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A sketch of Somchai Neelapaijit, a prominent Muslim human rights lawyer abducted in Bangkok on March 12, 2004.  © 2015 Prachatai

(New York) – The Thai government’s decision to delay enforcement of key provisions of the new torture and enforced disappearance law should be immediately reversed, Human Rights Watch said today.

On February 14, 2023, the Thai government approved a decree to postpone enforcement of articles 22 to 25 of the Act on Prevention and Suppression of Torture and Enforced Disappearance from February 22 to October 1. The government claimed more time was needed to ready officials nationwide and procure equipment – such as cameras and voice recorders – required by the law to prevent abuses during arrest and interrogation.

“The Thai government keeps finding new reasons not to tackle the serious problems of torture and enforced disappearance in the country,” said Elaine Pearson, Asia director at Human Rights Watch. “All along the police and other security officials knew training and equipment would be needed to enforce the new law, but instead they could only come up with excuses.”

The relevant articles essentially stipulate measures to prevent practices that facilitate torture and enforced disappearance by requiring officials to continuously record audio and video throughout the arrest and detention process. Officials are required to report reasons for the arrest and detention, as well as the identity, whereabouts, and physical conditions of detainees. Thai courts are authorized to issue an order requiring officials to disclose information about detainees to their relatives or any other persons acting in their interest.

The Thai government’s decision will make it extraordinarily difficult to enforce the Act on Prevention and Suppression of Torture and Enforced Disappearance because officials are not yet required to provide information about detainees or record arrests and interrogations to prevent abuses from taking place.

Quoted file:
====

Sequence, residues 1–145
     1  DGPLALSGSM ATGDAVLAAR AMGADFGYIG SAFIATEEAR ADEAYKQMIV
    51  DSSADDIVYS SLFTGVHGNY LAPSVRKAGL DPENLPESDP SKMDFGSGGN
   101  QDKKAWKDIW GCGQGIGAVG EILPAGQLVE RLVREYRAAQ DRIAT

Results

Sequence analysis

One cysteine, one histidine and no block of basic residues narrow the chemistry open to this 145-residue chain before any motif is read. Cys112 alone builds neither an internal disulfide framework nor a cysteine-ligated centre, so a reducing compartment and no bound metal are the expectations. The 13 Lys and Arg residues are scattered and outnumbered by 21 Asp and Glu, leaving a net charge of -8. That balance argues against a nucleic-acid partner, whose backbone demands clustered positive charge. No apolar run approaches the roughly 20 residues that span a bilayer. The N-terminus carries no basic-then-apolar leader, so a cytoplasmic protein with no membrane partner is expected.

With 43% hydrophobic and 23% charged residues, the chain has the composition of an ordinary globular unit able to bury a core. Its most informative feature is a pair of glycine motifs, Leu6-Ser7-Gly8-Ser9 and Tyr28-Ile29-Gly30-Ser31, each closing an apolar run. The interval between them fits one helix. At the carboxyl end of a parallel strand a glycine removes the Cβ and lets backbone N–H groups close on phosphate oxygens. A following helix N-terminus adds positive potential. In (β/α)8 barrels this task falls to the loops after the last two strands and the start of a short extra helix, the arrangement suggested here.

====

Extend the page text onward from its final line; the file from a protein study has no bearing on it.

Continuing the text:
These barriers will allow abusive officials to continue to engage in practices that facilitate enforced disappearances, such as the use of secret detention by anti-narcotics units, as well as the secret military detention of national security suspects and suspected insurgents in the southern border provinces.

International law defines enforced disappearance as the detention of a person by state officials or their agents and a refusal to acknowledge the detention or to reveal the person’s fate or whereabouts. Disappearances are especially painful for the victims’ families.

The United Nations Working Group on Enforced or Involuntary Disappearances has recorded 76 cases of enforced disappearance in Thailand since 1980, including of the prominent Muslim lawyer Somchai Neelapaijit in March 2004. Human Rights Watch believes the actual number is higher as some families of victims and witnesses remain silent, fearing reprisals by the authorities if they speak out.

None of the disappearance cases have been resolved, and no one has been prosecuted. A key reason is that until passage of the Act on Prevention and Suppression of Torture and Enforced Disappearance, Thailand’s criminal code did not recognize enforced disappearance as a criminal offense. In 2012, Thailand signed but has yet to ratify the Convention for the Protection of All Persons from Enforced Disappearance. Thailand became party to the Convention against Torture and Other Cruel, Inhuman or Degrading Treatment or Punishment in 2007.

Torture and other ill-treatment in police custody have long been a problem in Thailand but successive governments have taken few steps to address it, Human Rights Watch said. After the dispersal of pro-democracy protests in Bangkok in October 2021, demonstrators were reportedly tortured in police custody. In August 2021, a group of police officers tortured a drug suspect to death in the Nakhon Sawan provincial police station. Human Rights Watch has also documented numerous cases related to counterinsurgency operations in Thailand’s southern border provinces in which police and military personnel tortured ethnic Malay Muslims.

“The UN and friendly governments should urge the Thai government to scrap the delay in the law and fully comply with its international legal obligation to make torture and enforced disappearance a criminal offense,” Pearson said. “For families waiting for answers for years about their missing loved ones, and those permanently scarred by their experiences of torture, every day with the law on hold is one day too many.”

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